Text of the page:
When are conditions right for effective cover crop termination?

You might have noticed that most product labels of the herbicides commonly used for cover crop termination require plants to be “actively growing” during application. This means that the days leading up to the application, as well as the days following the application, need to maintain specific temperatures for the application to be successful. Many of the acres that we witnessed having chemical termination issues in 2023 came down to crop growth during application. Applications were made with chemical rates that were thought to be sufficient but were applied at a time when we experienced daytime temperatures of at least 50 degrees Fahrenheit and lower nighttime temperatures. We experience some temperature swings in April and May every year that send the growing conditions of our cover crops into periods of active growth and dormancy. During these temperature swings, it is important to pay attention to the nighttime temperatures. Providing that cover crop two to three days of growth where nighttime temperatures stay above 40-45 degrees Fahrenheit is important to get them back in a state of active growth. It is equally important that these conditions are forecasted to continue after the application.

Another consideration to take into account is what kind of environmental stresses your current cover crop is under due to moisture restraints. A cover crop is like a cash crop in that its growth is slowed when it is under drought conditions. We must be mindful of this and ensure our chemical program is designed correctly to terminate a potentially stressed cover crop due to moisture restraints or slower growth due to cooler conditions. As always, be sure to follow recommended use rates, tank mixes, and use of surfactants that are detailed on herbicide product labels.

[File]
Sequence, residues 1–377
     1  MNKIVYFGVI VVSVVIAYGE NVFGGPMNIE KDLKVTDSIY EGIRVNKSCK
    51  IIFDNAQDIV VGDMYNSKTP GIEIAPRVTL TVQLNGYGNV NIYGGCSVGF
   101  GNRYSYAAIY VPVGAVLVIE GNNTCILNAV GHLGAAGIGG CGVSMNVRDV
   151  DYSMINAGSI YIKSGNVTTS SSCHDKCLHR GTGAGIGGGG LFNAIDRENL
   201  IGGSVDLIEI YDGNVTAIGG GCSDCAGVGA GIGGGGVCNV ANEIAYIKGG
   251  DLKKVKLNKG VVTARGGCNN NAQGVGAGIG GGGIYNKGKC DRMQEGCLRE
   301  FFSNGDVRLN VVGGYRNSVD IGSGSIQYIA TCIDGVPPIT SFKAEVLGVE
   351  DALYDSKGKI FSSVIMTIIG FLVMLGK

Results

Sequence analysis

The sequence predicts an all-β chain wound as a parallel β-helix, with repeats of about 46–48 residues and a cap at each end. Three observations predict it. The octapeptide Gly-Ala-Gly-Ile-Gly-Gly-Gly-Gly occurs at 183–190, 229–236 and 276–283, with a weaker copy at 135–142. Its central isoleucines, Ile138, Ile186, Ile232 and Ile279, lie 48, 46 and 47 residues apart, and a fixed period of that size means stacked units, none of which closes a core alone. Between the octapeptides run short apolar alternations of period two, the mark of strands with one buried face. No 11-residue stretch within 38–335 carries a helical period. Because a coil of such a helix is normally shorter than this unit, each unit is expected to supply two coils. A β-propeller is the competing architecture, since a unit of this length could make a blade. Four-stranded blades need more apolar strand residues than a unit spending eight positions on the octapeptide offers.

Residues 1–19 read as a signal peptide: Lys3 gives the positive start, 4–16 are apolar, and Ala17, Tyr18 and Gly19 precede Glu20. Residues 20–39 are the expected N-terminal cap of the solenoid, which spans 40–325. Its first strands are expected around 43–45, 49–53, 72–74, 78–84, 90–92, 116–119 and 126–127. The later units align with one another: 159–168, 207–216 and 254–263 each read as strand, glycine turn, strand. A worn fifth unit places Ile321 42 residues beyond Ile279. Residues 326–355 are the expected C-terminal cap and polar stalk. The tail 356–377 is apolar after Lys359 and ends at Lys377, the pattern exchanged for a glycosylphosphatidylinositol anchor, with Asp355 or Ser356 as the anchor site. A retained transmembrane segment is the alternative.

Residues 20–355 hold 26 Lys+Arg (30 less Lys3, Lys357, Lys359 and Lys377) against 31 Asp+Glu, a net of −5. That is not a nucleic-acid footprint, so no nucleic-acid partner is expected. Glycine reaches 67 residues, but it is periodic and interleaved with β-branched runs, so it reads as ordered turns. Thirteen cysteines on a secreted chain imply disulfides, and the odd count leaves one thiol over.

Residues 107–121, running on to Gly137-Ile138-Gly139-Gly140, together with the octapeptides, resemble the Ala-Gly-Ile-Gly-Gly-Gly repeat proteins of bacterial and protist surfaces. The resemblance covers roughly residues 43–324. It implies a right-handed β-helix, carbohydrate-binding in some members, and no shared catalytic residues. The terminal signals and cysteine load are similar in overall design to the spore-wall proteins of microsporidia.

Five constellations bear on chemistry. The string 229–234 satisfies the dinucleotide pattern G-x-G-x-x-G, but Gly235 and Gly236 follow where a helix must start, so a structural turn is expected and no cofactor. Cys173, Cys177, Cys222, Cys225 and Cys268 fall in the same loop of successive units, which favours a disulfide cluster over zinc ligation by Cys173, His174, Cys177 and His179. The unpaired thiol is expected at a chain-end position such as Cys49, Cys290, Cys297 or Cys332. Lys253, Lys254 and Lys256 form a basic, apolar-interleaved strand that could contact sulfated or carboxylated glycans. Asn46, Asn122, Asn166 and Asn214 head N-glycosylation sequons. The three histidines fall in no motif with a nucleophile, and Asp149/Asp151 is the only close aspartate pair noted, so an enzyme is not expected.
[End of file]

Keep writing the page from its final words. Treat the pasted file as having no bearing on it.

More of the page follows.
A good cover cropping system brings dying soil back to life through its living roots and provides the armor a soil needs to protect itself from the changing environment around it. One of the biggest lessons we learned from 2023, however, is that a good cover cropping program is only as good as its termination plan. Application timing, application rates, and adaptability to changing environments and weather patterns are extremely important when working to limit water and nutrient loss. Remember, it is better to have a more risk-averse mindset when working towards your final goal and have a contingency plan for terminating your cover crop.

Stay tuned as next month we will take a deep dive into our top recommendations for cover crop termination.

Anna Teeter Headshot Bio Image

Anna Teeter

Anna Teeter is a Conservation Agronomist with the Cargill RegenConnect™ program. Her goal is to help farmers successfully implement soil health practices while continuing to advocate for agriculture. Anna brings extensive hands-on experience having worked with the University of Wisconsin-Madison extension services, private ag consulting services, and most recently the Soil Health Partnership, which led her to Cargill. She has a Bachelor of Science in Agronomy and Life Sciences Communications from the University of Wisconsin-Madison and a Masters of Science in Soil Science.

Damon headshot

Damon Oien

Damon Oien is a Conservation Agronomist with the Cargill RegenConnect™ program. Damon has a diverse career in assisting growers in improving their operations through a systems approach. He has a Bachelor of Science from Western Illinois University and a passion for soil health. He is excited to work with growers in increasing soil health to build soil resiliency and increase profitability.